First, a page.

It takes a fair amount of skill and much practice to create the sort of images that make you proud. But that’s nothing compared to the skill and experience needed to get a fair price when bringing your photos to market.
Actually, that’s where a lot of photographers — even professionals — run into trouble. The talent for taking a good picture and the ability to negotiate deals are two very different things. If they weren’t, the most expensive images in the world might well have been taken by lawyers, hmm?
For any photographer, those tables and programs can seem pretty complicated. But for the novice, especially one selling online, the picture can get even more complex.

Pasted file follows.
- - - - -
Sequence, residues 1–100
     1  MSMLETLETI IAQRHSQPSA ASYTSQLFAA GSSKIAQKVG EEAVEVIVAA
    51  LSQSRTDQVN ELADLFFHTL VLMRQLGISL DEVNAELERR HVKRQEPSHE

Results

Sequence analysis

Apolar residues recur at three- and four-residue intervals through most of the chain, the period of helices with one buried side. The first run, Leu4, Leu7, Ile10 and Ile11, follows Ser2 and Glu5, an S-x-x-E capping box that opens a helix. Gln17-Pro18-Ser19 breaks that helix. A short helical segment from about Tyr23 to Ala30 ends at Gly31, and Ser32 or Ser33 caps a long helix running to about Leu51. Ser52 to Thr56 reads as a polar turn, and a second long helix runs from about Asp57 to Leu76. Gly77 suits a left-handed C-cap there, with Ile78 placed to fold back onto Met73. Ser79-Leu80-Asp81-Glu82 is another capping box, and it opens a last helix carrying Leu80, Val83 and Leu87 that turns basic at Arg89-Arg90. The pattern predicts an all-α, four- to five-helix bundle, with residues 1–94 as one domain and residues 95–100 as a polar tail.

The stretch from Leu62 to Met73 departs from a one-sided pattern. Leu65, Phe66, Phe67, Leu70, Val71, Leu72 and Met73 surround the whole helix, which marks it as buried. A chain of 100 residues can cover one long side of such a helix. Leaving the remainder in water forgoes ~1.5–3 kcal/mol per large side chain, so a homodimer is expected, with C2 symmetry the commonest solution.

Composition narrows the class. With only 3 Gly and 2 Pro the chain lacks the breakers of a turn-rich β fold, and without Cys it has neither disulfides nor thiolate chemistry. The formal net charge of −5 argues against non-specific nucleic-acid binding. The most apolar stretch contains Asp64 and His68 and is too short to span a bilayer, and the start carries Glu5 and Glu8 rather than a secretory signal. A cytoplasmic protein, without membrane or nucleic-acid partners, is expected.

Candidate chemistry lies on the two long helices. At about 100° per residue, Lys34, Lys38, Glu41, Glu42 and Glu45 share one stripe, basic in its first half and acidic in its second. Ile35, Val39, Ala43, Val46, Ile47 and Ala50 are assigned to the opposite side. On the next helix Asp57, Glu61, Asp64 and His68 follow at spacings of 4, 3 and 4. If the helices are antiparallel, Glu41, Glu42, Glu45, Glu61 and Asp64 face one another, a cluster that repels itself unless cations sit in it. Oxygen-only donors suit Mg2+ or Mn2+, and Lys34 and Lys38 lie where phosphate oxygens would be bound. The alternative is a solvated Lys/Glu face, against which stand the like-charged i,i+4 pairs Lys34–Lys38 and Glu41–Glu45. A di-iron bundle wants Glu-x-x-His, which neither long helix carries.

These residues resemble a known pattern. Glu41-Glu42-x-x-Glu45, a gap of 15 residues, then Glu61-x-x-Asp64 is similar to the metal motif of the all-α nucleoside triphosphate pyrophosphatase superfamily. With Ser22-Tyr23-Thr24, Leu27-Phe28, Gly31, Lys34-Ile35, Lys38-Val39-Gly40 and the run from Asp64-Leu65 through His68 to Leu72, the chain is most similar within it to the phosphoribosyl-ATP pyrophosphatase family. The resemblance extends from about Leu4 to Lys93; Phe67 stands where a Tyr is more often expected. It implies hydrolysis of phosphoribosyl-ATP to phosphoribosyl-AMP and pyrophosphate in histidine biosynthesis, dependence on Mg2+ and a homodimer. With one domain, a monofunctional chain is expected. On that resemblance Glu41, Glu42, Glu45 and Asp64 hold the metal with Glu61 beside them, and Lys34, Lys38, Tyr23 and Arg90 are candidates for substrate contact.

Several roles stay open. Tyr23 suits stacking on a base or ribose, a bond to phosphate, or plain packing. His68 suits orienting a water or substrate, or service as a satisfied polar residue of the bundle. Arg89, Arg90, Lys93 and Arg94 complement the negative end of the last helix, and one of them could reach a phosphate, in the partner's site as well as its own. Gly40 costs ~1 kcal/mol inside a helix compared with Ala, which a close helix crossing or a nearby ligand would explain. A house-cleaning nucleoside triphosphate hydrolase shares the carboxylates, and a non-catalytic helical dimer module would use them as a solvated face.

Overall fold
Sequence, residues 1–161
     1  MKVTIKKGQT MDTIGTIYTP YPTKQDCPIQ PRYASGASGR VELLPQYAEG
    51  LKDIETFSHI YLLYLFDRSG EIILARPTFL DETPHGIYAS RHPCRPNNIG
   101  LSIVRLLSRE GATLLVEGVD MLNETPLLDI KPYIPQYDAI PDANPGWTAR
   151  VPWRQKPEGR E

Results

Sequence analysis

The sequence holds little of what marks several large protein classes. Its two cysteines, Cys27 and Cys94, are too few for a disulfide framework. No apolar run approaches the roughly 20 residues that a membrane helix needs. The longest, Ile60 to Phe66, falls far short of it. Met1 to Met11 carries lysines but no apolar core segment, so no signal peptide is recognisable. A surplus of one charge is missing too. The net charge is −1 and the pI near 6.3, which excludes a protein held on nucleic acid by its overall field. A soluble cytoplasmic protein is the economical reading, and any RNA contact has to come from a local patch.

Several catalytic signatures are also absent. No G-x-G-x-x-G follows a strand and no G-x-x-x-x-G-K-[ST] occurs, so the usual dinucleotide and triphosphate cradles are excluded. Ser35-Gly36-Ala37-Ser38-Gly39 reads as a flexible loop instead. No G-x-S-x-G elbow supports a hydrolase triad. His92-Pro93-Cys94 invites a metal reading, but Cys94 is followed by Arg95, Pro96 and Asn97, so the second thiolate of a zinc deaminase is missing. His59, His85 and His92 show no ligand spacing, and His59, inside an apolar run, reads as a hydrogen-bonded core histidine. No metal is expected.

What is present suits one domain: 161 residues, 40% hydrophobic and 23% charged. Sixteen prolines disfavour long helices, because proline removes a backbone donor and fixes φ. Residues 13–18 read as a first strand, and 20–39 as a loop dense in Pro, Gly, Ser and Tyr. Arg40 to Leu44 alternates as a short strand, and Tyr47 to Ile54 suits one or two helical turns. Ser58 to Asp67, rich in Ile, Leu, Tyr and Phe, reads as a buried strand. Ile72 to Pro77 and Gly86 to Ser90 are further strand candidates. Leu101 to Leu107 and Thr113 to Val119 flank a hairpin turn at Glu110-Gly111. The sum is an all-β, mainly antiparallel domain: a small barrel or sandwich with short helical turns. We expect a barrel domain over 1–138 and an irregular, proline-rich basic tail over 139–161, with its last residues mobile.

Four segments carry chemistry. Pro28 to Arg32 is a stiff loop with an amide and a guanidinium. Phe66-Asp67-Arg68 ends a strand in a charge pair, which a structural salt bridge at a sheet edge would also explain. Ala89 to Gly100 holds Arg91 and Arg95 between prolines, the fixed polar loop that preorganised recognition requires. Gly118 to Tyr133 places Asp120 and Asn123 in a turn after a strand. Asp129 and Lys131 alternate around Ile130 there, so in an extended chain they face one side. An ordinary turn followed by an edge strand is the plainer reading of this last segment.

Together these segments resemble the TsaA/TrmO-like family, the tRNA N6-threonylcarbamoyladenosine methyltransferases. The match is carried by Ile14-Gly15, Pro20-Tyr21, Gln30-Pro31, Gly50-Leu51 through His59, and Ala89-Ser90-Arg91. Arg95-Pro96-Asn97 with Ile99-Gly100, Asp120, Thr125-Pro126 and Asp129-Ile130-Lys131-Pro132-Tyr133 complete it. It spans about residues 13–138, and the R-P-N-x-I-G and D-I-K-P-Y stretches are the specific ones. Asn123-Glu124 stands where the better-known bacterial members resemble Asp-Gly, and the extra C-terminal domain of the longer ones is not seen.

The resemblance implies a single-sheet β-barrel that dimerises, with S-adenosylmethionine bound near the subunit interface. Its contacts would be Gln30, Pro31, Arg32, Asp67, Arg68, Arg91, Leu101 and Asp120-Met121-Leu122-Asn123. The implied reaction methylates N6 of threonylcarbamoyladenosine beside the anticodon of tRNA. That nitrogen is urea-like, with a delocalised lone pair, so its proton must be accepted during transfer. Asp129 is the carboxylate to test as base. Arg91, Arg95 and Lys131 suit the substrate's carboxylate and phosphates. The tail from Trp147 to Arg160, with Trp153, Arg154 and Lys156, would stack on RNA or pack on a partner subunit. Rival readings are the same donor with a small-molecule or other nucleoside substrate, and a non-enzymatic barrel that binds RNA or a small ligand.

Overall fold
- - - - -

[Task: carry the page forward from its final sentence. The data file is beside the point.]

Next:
- Can you charge the same amount to a small website that you might charge a big corporation?
- Should you charge more for an image used on the home page than for a picture used on an internal page?
- Should blogs pay different rates than regular sites?
- Is there flexibility in the pricing – and should there be?
And more importantly, how much would you accept just to get started and win the sense of satisfaction that comes with selling your work?
That’s really the point. When you’re not earning a living from taking pictures, how you feel about a deal counts as much as the money itself. Sure, the amount you receive is important. But even a few bucks for a picture that brought you a world of pleasure to take can be worth a fortune in pride.
That doesn’t mean you should be selling for pennies. But it does mean that a tag that doesn’t price you out of the market can bring you even more than the money in your hand, and that’s always something to consider when you’re setting your price.
[tags] Pricing, Freelance Photography, Media Buy[/tags]